United States District Court, S.D. Illinois
KING MICHAEL OLIVER, also known as MICHAEL OLIVER, #B89925, Plaintiff,
SGT. MORELAND, C/O WITT, C/O HUBER, C/O WELLS, SGT. MELTON, LT. J. SAMS, C/O VICKERS, SGT. MELCHERT, LT. SEAGO, C/O REINCKE, SGT. BERGBOWER, MAJOR MILES, ELAIN R. DONAHUE, WARDEN OF GRAHAM CORRECTIONAL CENTER, and INMATE MONTE RICHIE, Defendants.
MEMORANDUM AND ORDER
J. ROSENSTENGEL, CHIEF U.S. DISTRICT JUDGE.
matter is before the Court for preliminary review of the
First Amended Petition (“First Amended
Complaint”) filed by Plaintiff Michael Oliver. (Doc.
10, pp. 1-32). Plaintiff claims that Graham Correctional
Center (“Graham”) officials conspired with an
inmate to murder him in retaliation for filing grievances in
May 2019. He seeks monetary and equitable relief.
(Id. at p. 12).
First Amended Complaint is subject to screening under 28
U.S.C. § 1915A. Section 1915A requires the Court to
screen prisoner complaints and filter out non-meritorious
claims. 28 U.S.C. § 1915A(a). Any portion of a complaint
that is legally frivolous or malicious, fails to state a
claim upon which relief may be granted, or asks for money
damages from a defendant who by law is immune from such
relief must be dismissed. 28 U.S.C. § 1915A(b).
First Amended Complaint, Plaintiff makes the following
allegations: Plaintiff describes an elaborate conspiracy by
Graham officials to murder him in retaliation for filing
grievances. (Doc. 10, pp. 1-30). In May 2019, Plaintiff filed
one or more grievances to complain about the conditions of
his confinement. (Id.). He complained of a single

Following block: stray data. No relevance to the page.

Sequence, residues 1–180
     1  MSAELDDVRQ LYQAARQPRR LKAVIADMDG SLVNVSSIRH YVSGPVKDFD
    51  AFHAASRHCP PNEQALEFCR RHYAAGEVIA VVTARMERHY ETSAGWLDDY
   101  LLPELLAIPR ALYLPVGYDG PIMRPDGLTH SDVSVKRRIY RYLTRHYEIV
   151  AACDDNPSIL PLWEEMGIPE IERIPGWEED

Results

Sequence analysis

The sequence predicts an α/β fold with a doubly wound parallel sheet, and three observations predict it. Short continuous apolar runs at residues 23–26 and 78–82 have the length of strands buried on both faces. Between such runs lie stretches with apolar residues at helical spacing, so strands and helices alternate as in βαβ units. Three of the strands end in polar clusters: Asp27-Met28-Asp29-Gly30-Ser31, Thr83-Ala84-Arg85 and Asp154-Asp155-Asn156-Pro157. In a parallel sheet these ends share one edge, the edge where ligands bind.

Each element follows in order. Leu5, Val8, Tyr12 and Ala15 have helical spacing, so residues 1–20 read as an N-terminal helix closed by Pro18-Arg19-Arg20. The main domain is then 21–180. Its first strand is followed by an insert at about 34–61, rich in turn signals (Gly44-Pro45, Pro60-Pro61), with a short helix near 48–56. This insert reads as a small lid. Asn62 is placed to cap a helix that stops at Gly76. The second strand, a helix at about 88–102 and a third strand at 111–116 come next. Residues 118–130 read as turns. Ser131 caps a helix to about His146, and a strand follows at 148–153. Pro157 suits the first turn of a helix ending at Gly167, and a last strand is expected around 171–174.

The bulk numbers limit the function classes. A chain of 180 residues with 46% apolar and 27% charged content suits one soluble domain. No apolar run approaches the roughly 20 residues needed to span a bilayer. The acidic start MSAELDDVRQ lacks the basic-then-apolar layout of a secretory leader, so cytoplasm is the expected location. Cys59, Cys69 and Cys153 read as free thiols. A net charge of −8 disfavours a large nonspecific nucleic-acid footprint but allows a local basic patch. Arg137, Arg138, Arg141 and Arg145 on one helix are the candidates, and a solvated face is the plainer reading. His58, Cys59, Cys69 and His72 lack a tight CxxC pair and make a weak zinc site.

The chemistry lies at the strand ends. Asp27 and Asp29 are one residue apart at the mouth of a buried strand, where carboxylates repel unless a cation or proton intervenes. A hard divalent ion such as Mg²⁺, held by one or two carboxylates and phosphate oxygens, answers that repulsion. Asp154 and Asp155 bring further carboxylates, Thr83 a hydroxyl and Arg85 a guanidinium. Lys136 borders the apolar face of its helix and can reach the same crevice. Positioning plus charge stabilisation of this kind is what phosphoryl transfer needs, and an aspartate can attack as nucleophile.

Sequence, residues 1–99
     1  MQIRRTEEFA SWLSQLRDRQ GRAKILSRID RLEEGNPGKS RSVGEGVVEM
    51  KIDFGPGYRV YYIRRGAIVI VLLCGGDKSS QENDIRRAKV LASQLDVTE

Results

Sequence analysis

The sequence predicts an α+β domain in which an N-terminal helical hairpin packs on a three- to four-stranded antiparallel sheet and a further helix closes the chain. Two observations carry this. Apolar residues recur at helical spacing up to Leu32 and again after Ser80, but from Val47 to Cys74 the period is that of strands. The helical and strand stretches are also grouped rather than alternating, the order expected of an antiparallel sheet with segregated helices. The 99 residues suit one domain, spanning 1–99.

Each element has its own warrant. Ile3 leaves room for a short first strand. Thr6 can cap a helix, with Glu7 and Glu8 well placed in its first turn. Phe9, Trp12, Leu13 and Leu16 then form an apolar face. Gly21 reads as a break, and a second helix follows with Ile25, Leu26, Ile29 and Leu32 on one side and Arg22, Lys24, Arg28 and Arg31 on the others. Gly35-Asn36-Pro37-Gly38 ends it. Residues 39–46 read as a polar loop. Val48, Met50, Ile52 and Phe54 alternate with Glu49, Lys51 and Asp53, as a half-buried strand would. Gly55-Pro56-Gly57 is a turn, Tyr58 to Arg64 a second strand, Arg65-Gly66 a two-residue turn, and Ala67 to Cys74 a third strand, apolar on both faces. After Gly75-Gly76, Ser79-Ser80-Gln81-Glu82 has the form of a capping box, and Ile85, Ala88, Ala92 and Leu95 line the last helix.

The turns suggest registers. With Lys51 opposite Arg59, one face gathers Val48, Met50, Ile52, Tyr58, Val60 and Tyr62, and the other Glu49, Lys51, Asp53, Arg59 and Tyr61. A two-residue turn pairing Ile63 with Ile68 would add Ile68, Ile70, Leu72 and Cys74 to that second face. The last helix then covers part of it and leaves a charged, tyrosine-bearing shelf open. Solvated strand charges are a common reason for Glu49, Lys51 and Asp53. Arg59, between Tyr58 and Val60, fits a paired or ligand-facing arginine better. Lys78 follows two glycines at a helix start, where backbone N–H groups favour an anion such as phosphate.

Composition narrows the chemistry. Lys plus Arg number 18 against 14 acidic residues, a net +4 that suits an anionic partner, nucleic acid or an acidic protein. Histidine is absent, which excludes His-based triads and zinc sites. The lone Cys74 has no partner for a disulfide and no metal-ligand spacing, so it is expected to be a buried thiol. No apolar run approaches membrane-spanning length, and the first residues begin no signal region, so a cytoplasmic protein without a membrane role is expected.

chicken-less food tray, several cold showers, and a bar of
soap that irritated his skin. (Id.) Graham officials
and Inmate Richie responded to the grievances by plotting to
poison Plaintiff and/or his cellmate. (Id.).
Plaintiff either refused a poisoned food tray or ingested
poisonous food and survived. (Id.). Either way, the
plot was ineffective. (Id.). Plaintiff survived and
filed this action involving four claims against fifteen
defendants, which he characterizes as:
Count 1: Deprivation of rights under color of state law and
the institutional wide conspiracy to deprive inmates of their
constitutional rights against cruel and unusual punishment
Count 2: Retaliation against Plaintiff for filing “the
Count 3: Conspiracy to commit murder.
Count 4: Conditions-of-confinement claim.
(See Doc. 10, pp. 1-31). The parties and the Court
will use these designations in all future pleadings and
orders, unless otherwise directed by a judicial officer of
this Court. Any claim that is mentioned in the First Amended
Complaint but not addressed herein is considered dismissed
without prejudice as inadequately pled under
First Amended Complaint is legally and factually frivolous. A
claim is considered legally frivolous when it is “based
on an indisputably meritless legal theory.” Felton
v. City of Chicago, 827 F.3d 632, 635 (7th Cir. 2016)
(citing Neitzke v. Williams, 490 U.S. 319, 327-28
(1989)). Allegations are factually frivolous when they are
“clearly baseless, ” “fanciful, ”
“fantastic, ” “delusional, ”
“irrational, ” or “wholly
incredible.” Felton, 827 F.3d at 635 (citing
Denton v. Hernandez, 504 U.S. 25, 32-33 (1992)).
Plaintiff's allegations and claims are frivolous under
conspiracy claims are cognizable under Section 1983.
Lewis v. Washington, 300 F.3d 829, 831 (7th Cir.
2002). A civil conspiracy generally consists of “a
combination of two or more persons acting in concert to
commit an unlawful act, or to commit a lawful act by unlawful
means.” Beaman v. Freesmeyer, 776 F.3d 500,
510 (7th Cir. 2015) (quoting Scherer v. Balkema, 840
F.2d 437, 441-42 (7th Cir. 1988)). But a civil conspiracy
claim provides no independent basis for liability under
Section 1983. Lewis, 300 F.3d at 831.
case, Plaintiff also asserts claims for retaliation and
unconstitutional conditions of confinement. A First Amendment
retaliation claim arises where an inmate alleges “(1)
he engaged in activity protected by the First Amendment; (2)
he suffered a deprivation likely to deter such activity; and
(3) the First Amendment activity was at least a motivating
factor in the decision to impose the deprivation.”
Hawkins v. Mitchell,756 F.3d 983, 996 (7th Cir.
2014) (citations omitted). An Eighth Amendment claim for
unconstitutional conditions of confinement arises where a
prisoner is exposed to “extreme deprivations”
that deny him the “minimal civilized measure of
life's necessities” and are met with ...